Cogan, a music theorist, composer, and educator, was a member of NEC's Composition and Music Theory faculty for nearly 60 years—including many years as Chair of Graduate Music Theory—and his legacy will continue for many years to come.
The NEC community mourns the loss of Faculty Emeritus Robert Cogan, who passed away peacefully in his home on Thursday, August 19 at the age of 91.
Over the course of nearly a century, Bob influenced countless students' lives through his unique and groundbreaking work marrying music and science. Born in Detroit, Michigan in 1930, Bob was introduced to jazz as a young boy, at the famed Paradise Theater. This led to his lifelong passion of music exploration, writing, and scholarship. He received his Bachelor and Master of Music degrees from the University of Michigan, his Master of Fine Arts degree from Princeton University, and a 2003 Honorary Doctor of Music Degree from NEC. In 1958, Bob studied in Hamburg, Germany, where he met and married his wife of 61 years, composer Pozzi Escot. They settled in Cambridge, and Bob, as well as Pozzi, began their esteemed careers at NEC.
Bob had the distinct achievement of a nearly 60-year tenure on NEC's Composition and Music Theory faculty, including many years as the Chair of Graduate Music Theory. He was vital to the development of the DMA program, and annually led one of the DMA Music Theory Seminars for decades. NEC celebrated his incredible contributions to the institution with an Honorary Doctorate in 2003, and he was in the first class of Faculty Emeriti in 2019. He and Pozzi presented an annual Jordan Hall recital which included music not only written by the two of them, but other pieces which complemented the program.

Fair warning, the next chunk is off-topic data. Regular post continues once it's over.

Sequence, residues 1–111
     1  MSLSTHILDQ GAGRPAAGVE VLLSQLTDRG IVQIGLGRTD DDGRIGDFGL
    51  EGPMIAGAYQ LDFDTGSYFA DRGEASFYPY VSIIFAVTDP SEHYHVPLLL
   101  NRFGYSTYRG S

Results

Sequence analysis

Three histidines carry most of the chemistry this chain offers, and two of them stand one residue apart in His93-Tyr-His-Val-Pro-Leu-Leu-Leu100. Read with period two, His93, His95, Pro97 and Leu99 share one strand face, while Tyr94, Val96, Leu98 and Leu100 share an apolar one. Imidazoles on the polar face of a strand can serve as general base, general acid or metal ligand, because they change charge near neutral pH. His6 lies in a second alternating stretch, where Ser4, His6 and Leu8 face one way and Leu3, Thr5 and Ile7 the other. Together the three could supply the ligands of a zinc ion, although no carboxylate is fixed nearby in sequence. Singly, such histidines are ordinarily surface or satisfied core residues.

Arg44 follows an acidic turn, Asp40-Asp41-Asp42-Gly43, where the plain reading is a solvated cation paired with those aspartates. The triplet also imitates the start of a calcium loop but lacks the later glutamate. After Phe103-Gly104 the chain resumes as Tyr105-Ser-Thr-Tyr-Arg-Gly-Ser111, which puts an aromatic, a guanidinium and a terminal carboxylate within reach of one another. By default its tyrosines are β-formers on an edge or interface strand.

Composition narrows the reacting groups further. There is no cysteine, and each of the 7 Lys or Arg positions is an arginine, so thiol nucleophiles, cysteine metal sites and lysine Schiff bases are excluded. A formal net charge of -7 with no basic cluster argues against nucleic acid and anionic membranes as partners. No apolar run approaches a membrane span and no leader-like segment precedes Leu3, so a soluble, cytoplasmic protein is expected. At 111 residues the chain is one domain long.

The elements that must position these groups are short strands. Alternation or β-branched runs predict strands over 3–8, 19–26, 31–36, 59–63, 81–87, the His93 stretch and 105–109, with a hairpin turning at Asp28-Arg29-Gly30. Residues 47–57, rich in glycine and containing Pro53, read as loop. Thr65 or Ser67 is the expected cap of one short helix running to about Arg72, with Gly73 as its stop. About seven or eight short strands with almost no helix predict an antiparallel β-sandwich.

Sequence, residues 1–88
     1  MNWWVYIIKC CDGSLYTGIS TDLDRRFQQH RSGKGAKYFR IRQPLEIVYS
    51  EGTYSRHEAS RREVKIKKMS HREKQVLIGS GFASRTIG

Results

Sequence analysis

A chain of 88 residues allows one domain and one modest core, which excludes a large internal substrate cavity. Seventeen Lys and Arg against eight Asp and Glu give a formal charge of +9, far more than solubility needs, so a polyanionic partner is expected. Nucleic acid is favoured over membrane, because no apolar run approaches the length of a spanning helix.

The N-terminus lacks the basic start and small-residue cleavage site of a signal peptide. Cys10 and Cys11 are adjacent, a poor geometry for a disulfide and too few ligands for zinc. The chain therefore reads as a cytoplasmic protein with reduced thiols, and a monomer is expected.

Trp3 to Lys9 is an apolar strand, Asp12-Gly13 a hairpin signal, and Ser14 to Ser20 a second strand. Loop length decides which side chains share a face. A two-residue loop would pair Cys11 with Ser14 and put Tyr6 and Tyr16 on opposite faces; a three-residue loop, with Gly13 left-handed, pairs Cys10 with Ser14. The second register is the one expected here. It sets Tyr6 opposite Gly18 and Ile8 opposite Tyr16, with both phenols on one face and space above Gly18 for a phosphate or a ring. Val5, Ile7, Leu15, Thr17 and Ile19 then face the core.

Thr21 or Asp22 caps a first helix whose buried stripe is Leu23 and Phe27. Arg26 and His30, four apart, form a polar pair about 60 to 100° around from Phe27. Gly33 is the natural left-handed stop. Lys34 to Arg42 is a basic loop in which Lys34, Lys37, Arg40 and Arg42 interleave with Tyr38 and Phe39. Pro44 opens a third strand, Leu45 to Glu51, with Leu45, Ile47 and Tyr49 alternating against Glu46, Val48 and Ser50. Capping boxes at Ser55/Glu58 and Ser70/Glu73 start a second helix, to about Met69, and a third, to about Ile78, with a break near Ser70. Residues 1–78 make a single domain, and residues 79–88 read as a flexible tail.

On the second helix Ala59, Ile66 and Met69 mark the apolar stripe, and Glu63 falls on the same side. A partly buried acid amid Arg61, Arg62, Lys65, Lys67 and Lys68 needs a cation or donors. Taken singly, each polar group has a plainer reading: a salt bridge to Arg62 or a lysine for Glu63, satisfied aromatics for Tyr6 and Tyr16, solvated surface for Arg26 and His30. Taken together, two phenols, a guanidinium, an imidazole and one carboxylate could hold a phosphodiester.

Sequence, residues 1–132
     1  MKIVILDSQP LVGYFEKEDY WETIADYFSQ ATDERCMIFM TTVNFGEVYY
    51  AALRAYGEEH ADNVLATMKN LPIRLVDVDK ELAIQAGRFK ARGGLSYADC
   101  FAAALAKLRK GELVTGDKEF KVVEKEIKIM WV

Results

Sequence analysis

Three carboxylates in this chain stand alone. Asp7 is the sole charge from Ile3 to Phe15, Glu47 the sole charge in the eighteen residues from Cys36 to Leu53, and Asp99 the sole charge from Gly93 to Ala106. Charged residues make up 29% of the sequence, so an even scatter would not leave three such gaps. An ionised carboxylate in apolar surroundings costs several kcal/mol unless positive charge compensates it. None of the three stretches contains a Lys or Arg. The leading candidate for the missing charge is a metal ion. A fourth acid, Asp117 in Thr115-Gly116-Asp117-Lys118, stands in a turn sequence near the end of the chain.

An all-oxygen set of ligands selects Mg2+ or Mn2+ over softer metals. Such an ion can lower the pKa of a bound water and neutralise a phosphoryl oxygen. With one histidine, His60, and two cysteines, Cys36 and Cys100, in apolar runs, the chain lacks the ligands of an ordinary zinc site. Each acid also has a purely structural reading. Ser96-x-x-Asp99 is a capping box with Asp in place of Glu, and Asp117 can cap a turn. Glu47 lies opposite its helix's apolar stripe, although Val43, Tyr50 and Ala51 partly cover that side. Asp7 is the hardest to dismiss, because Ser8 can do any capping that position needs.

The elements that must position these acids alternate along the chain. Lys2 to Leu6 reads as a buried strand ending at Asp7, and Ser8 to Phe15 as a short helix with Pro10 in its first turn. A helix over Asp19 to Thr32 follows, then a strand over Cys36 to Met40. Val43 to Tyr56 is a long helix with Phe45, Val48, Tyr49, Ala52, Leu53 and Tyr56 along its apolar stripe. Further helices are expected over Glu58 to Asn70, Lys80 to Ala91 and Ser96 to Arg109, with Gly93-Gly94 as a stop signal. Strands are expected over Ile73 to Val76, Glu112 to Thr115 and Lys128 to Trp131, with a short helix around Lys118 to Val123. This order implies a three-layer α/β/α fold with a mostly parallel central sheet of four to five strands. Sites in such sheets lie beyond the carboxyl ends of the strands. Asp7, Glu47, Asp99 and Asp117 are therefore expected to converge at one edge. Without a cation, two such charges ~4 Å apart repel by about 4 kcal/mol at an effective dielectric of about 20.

Bob was truly a unique thinker and scholar, and his work has had profound impact on the field, recognized at the international level. He was a sought-after lecturer, which enabled his family to travel the world extensively throughout his career. Bob's compositions are performed by musicians world-wide, and he wrote and published six books on music theory, two of which were collaborations with his wife.
NEC President Andrea Kalyn shared about Bob:
I was fortunate to benefit from Bob's deep experience and perspective even after his retirement, and so appreciated his clear commitment to our work and to his students and colleagues. Bob's legacy at NEC is resounding, as is the impact that he has had on generations of students, several of whom are now members of our faculty.
One of these NEC faculty members and former students of Bob's is Katarina Miljkovic, chair of the Music Theory department, who shared:
Robert Cogan was a teacher who had life-long impact on his students. His research, rooted in cutting-edge technology, opened the door to a whole world of possibilities for seamlessly crossing the boundaries between music, other arts, and sciences. His extraordinary lectures provoked expansive questions from students and instilled a lasting passion for seeking the answers. Bob will be remembered as a brilliant thinker, a composer who threaded sounds through silence and utterances, and a groundbreaking researcher who uncovered the secrets and beauty of music through its visual imprints. I am indebted to Bob for his dedication to teaching and sharing his vision of the future of music and music research. My mission is to carry on his legacy and pass it to new generations of NEC students.
An event in Bob's honor at NEC is being planned for Spring 2022.
Bob is survived by Pozzi; his daughter Kali; his granddaughter Annaka; his brother Richard; Richard's wife, Carolyn; and their family.